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WikiProject Color (Rated Start-class, Mid-importance)
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I've removed a claim that cats, and crepuscular carnivores in general, tend to be trichromatic. I can find no evidence to support this, and a good deal that suggests that it's wrong, unless the trichromacy results from rod action. If anyone wants to reinsert the claim, I think that it should be supported with a clear reference. seglea 22:16, 12 May 2005 (UTC)


Both the dichromacyarticle and the general color blindness article are lacking when it comes to the genetics behind it. Is the gene recessive or dominant? Is it autosomal or X-linked? How is it inherited, and what is the prognosis for passing color blindness on to the next generation. All this information should be mandatory in all genetically linked diseases.

madskile Madskile 06:12, 8 March 2007 (UTC)

I don't understand this article. Can someone simplify?[edit]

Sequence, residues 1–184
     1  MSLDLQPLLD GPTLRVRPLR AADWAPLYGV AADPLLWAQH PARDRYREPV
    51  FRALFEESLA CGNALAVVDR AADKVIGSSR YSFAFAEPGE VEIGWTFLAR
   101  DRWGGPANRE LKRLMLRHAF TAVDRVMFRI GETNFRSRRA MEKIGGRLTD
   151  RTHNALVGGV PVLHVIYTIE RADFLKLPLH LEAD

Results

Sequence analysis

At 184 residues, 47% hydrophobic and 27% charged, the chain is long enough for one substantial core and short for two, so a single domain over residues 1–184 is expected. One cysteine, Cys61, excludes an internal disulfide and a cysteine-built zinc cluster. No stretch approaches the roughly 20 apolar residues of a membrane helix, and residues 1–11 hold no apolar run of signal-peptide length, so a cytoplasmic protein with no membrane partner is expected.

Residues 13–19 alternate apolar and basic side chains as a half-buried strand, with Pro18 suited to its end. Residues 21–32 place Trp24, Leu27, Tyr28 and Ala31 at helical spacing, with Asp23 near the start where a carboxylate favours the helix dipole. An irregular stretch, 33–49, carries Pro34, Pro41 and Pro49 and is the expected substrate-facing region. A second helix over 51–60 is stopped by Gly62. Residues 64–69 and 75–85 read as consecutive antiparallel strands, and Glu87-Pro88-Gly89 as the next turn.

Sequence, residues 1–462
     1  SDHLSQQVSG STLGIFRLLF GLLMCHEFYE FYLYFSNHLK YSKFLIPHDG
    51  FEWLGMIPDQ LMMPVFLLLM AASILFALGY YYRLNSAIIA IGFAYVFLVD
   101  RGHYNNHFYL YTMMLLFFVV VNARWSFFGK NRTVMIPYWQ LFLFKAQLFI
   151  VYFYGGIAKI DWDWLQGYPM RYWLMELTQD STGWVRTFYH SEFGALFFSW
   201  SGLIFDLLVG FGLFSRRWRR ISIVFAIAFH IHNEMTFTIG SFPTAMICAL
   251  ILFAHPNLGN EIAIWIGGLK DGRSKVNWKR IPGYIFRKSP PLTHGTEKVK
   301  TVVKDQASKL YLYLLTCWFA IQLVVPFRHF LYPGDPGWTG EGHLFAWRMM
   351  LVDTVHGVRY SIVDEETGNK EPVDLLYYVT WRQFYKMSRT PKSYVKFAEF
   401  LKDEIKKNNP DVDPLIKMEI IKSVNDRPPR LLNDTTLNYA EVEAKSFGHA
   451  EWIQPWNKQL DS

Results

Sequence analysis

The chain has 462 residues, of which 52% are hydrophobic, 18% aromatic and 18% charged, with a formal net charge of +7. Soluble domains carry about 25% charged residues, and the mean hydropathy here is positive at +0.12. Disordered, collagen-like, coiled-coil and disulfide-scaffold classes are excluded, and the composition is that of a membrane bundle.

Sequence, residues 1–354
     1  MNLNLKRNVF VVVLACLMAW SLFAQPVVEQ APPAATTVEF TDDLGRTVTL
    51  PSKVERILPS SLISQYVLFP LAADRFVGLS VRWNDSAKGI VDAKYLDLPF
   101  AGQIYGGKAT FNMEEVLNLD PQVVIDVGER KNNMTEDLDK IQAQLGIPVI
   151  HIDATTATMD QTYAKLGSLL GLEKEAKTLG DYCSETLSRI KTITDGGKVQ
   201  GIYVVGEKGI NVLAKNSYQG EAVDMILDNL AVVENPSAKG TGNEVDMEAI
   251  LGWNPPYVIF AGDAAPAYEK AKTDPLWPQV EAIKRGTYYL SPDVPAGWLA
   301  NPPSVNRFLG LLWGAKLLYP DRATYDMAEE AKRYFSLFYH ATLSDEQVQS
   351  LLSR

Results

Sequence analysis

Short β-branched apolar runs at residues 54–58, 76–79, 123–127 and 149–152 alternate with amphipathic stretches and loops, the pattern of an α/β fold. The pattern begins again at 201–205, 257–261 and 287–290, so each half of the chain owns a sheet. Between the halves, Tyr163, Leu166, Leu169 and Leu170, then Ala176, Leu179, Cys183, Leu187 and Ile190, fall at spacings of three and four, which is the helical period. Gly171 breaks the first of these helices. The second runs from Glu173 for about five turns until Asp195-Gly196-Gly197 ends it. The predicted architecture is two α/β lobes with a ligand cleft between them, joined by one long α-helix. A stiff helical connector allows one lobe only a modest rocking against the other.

I looked up this article after learning that bulls can't see red because cattle are dichromatic. (I think that was the word.) Basically, I want to know what a dichromatic animal can see. I understand they can see hundreds of variations of color, but how is their sight different from normal sight? Could someone explain that and simplify this article? Much obliged. DBlomgren (talk) 22:50, 13 April 2014 (UTC)

Spectral sensitivity needed[edit]

In the case of non-primate mammals, a plot of their spectral sensitivity curves is needed (such as the Tetrachromacy page has). — Preceding unsigned comment added by 2602:306:CD54:C180:20C:6EFF:FECE:F7B4 (talk) 23:40, 18 June 2014 (UTC)

It appears that most papers on dichromats present data in the form of the flicker photometric relative sensitivities. Getting to actual spectral sensitivity curves is harder. But they tend to be roughly one short-wavelength cone and one medium- or long-wavelength cone, in most species. Dicklyon (talk) 05:09, 19 June 2014 (UTC)